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Structural deformation upon protein-protein interaction: a structural alphabet approach.

Martin J, Regad L, Lecornet H, Camproux AC - BMC Struct. Biol. (2008)

Bottom Line: Using a control set to distinguish induced fit from experimental error and natural protein flexibility, we show that the fraction of structural letters modified upon binding is significantly greater than in the control set (36% versus 28%).This proportion is even greater in the interface regions (41%).These results could be of help for flexible docking.

View Article: PubMed Central - HTML - PubMed

Affiliation: Equipe de Bioinformatique Génomique et Moléculaire, INSERM UMRS726/Université Denis Diderot Paris 7, F-75005 Paris, France. juliette.martin@jouy.inra.fr

ABSTRACT

Background: In a number of protein-protein complexes, the 3D structures of bound and unbound partners significantly differ, supporting the induced fit hypothesis for protein-protein binding.

Results: In this study, we explore the induced fit modifications on a set of 124 proteins available in both bound and unbound forms, in terms of local structure. The local structure is described thanks to a structural alphabet of 27 structural letters that allows a detailed description of the backbone. Using a control set to distinguish induced fit from experimental error and natural protein flexibility, we show that the fraction of structural letters modified upon binding is significantly greater than in the control set (36% versus 28%). This proportion is even greater in the interface regions (41%). Interface regions preferentially involve coils. Our analysis further reveals that some structural letters in coil are not favored in the interface. We show that certain structural letters in coil are particularly subject to modifications at the interface, and that the severity of structural change also varies. These information are used to derive a structural letter substitution matrix that summarizes the local structural changes observed in our data set. We also illustrate the usefulness of our approach to identify common binding motifs in unrelated proteins.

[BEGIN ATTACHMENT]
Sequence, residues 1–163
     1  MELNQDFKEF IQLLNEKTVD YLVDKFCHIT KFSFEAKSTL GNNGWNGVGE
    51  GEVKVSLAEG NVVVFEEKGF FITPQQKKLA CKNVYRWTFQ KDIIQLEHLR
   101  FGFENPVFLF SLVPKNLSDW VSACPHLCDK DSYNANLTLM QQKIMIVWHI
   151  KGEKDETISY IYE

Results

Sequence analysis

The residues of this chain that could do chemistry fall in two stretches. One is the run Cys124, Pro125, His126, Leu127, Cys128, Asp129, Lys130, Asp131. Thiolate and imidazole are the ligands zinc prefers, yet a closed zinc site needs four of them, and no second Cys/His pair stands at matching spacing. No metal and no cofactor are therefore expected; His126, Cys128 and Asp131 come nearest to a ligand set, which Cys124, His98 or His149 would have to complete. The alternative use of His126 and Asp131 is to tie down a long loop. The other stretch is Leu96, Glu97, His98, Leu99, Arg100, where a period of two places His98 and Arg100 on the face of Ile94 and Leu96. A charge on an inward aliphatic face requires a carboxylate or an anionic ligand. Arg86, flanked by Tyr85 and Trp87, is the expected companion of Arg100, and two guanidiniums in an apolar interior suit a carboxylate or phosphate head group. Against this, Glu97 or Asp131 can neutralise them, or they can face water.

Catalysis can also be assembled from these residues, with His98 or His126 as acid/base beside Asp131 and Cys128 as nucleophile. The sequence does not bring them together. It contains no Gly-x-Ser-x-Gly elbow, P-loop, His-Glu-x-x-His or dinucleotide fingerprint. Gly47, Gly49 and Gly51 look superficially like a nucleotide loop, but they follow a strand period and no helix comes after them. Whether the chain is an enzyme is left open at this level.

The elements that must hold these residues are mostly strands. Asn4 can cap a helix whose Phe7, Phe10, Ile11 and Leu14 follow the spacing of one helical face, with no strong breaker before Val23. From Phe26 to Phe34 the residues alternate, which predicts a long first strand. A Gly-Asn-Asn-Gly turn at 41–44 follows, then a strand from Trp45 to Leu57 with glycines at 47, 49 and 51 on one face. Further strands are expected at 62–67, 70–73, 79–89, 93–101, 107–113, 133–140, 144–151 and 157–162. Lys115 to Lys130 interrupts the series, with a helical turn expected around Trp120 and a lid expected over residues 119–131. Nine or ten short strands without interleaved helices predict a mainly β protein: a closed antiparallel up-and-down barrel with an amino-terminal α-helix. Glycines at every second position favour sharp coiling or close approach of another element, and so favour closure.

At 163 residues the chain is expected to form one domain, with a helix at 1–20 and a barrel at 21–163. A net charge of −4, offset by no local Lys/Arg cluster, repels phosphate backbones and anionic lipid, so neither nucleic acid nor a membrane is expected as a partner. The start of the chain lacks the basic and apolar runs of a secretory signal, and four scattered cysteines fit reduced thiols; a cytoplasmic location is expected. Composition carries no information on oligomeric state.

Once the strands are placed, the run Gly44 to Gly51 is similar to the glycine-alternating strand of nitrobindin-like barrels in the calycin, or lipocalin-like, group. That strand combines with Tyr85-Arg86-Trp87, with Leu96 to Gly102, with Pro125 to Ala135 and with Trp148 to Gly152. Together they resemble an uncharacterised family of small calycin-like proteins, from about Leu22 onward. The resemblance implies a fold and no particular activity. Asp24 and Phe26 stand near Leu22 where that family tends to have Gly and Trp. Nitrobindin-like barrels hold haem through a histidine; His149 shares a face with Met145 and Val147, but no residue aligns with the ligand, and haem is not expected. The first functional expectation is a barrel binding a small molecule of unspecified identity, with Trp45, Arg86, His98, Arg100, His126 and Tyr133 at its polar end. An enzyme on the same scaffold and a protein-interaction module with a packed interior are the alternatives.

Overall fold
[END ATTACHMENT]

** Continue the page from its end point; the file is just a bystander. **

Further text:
Conclusion: Our study provides qualitative information about induced fit. These results could be of help for flexible docking.

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Presentation of HMM-SA. a) 3D structure of the 27 structural letters. Images are generated using pymol [54]. b) hierarchical clustering of the 27 structural letters using the rmsddev.
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Figure 1: Presentation of HMM-SA. a) 3D structure of the 27 structural letters. Images are generated using pymol [54]. b) hierarchical clustering of the 27 structural letters using the rmsddev.

Mentions: The 27 structural letters, named [A-Z, a], are shown on Figure 1a. It has been shown previously [37], that four structural letters, [a,A,V,W] specifically describe α-helices, and five structural letters, [L,M,N,T,X], specifically describe β-strands. Letters [a] and [A] are the most regular, [a] being slightly shorter. It has been shown that linear helices are encoded by runs of [A], and curved helices are encoded by runs of [a] [39]. The 18 remaining structural letters describe loops. Letters [Z,B,C] form helix ends and letters [J,K] form strand ends. This alphabet allows a very precise decomposition of 3D structures. Some structural letters are structurally close, while others are more distant. This is quantified using the root-mean-square deviation between two structural letters (rmsddev). The rmsddev has been computed from 500 fragment pairs randomly chosen in the two structural letters [36]. It has been shown, that the rmsddev between two structural letters is always greater than the intrinsic variability of each structural letters, measured in the same way and called rmsdintra [36]. Figure 1b reports the hierarchical clustering of the 27 structural letters according to the rmsddev. Using a cut-off of 1 Å, the 27 structural letters are grouped into 8 groups: [Z,B,A,a,V,W], [I,C,U], [O,S], [E,Q], [G,M,N,T,R,X], [P,K,L,D,H,Y], [F], and [J].